This set of toothpaste recipes┬áon the Mass Report site look brilliant (not convinced about the dangers of fluoride but still the article is useful)… and then there’s a chocolate toothpaste recipe on the living traditionally site. Both use coconut oil – I wonder if I can get hold of loose coconut oil too.

Hunting the scoop & save shops

A friend reminded me of the name for what I was calling ‘refill shops’. I’m thinking of the 80s/ 90s, no frills, low cost shop that remember my Dad getting soap refills from when I was little. They were ‘scoop and save’ or ‘weigh and save’ shops.

A bit of digging later and I find that they do still exist, but sadly for me, they are mainly in the North. This excellent┬áblog ‘Weigh and save shops‘ on the Plastic is Rubbish site explains the situation and lists some of the existing shops.

I’m surprised that these shops aren’t more in demand as the source of bargains. Some others are thinking the same over on the MoneySavingExpert website, which has a thread about these shops, with locations.


Food for All is an amazing whole foods refill shop

Tomorrow, we start our challenge – making it through January without buying anything with packaging, be it plastic or paper. Yesterday, I tried finding ‘refill shops’ – shops that sell loose goods, in North London.

There were some disappointments. Unpackaged, a shop dedicated to package-free goods, is currently closed down. Borough Wines, which I’d heard sold olive oil refills,┬áno longer does this – apparently their supplier put up the price. The┬áperson I spoke to didn’t rule out stocking it again, I hope they do… but it might be too late for our challenge. Whole Foods Market in Stoke Newington only provides refills for Ecover products, and you have to ask at the till for this – pretty poor, given its name.

The hero of the day was Food for All, on Cazenove Road next to┬áStoke Newington railway station. The last shop on my search, I was pretty glum by the time I got here, but cheered up right away. This small independent shop has a friendly atmosphere, good ethics, good prices, and a huge range of loose goods – all the herbs, spices and teas you can think of and more, meusli, different kinds of rice, lentils, etc. I’ll pretty much be shopping here during January and beyond ­čÖé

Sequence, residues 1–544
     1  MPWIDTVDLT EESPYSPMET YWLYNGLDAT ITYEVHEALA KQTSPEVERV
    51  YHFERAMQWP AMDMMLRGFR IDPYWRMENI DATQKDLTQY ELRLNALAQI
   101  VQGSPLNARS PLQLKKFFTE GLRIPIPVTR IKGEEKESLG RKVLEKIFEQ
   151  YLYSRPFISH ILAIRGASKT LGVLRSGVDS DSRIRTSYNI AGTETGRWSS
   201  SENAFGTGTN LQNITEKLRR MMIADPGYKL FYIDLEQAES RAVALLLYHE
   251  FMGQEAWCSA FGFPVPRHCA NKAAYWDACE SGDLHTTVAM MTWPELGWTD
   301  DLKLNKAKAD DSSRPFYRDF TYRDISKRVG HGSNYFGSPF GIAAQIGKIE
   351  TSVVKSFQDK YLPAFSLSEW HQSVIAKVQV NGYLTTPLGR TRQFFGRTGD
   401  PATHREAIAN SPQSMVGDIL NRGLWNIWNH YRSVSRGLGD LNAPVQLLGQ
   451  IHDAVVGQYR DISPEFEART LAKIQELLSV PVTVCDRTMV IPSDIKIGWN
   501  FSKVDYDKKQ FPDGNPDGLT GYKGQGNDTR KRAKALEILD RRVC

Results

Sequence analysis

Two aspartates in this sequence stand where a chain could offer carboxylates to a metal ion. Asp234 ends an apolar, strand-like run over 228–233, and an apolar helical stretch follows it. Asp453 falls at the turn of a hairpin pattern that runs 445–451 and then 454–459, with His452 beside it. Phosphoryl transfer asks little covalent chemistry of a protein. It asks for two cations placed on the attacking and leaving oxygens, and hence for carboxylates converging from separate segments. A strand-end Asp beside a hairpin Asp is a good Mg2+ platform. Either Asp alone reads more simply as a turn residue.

Where are the refill shops!

January is drawing close, so today’s mission is to find what I think of as ‘refill shops’ in North London.

I’m thinking of little independent shops, not necessarily branded as health food shops, with products like liquid soap, detergent, nuts, seeds etc available loose.

An internet search isn’t bringing up much so maybe I’m using the wrong term – or maybe there is no standard word for these shops. Jenny & I have sometimes wondered whether these little shops are overlooked by the kind of people who shop at health food shops, because they don’t have an ‘eco’ brand, or the expensive prices that sometimes go with this.

I remember one in my hometown that we used to shop at, that eventually closed down.

The search so far is not encouraging.

A depressing Independent article ‘Shoppers’s green fatigue hits refill revolution‘. The main theme is the failure of mainstream chains to take up refilling. It does mention a chain called Whole Foods.

Also sad – it looks like there was an amazing refill shop trying out the ‘eco-branded’ route in Hackney, called Unpackaged… which has closed ­čśŽ

The website says it’s coming back. I hope so. In case you’re listening, please come back soon Unpackaged!

Starting to think I’m going to have to cook without any oil for the whole of January!!

My search did suggest a nearby Mother Earth health food shop, and I’m also on the trail of a little herbal shop in Stamford Hill/ Stoke Newington which I think might be called Food for All.

More later!

Quick update: According to the Metro article ‘Plastic ain’t fantastic, refill instead to reduce your waste‘, Borough Wines in London might do olive oil refills..

(P.s dental floss experiments with embroidering thread not working… maybe tooth picks are the way forward).

Package-free herbs and spices in my local healthfood shop.


I had a quick shop in “Nicholsons” one of our two healthfood shops in Kingsbridge today and I investigated all the herbs and spices that are available package-free. The helpful shop assistant told me that many of their customers bring their own containers, or if not they provide people with paper bags.


They also sell package-free Ecover – washing up liquid, washing machine liquid, fabric conditioner and surface cleaner which have the added advantage of being kind┬áto the environment.

Well done Nicholsons! I will be stocking up on lovely herbs and spices here.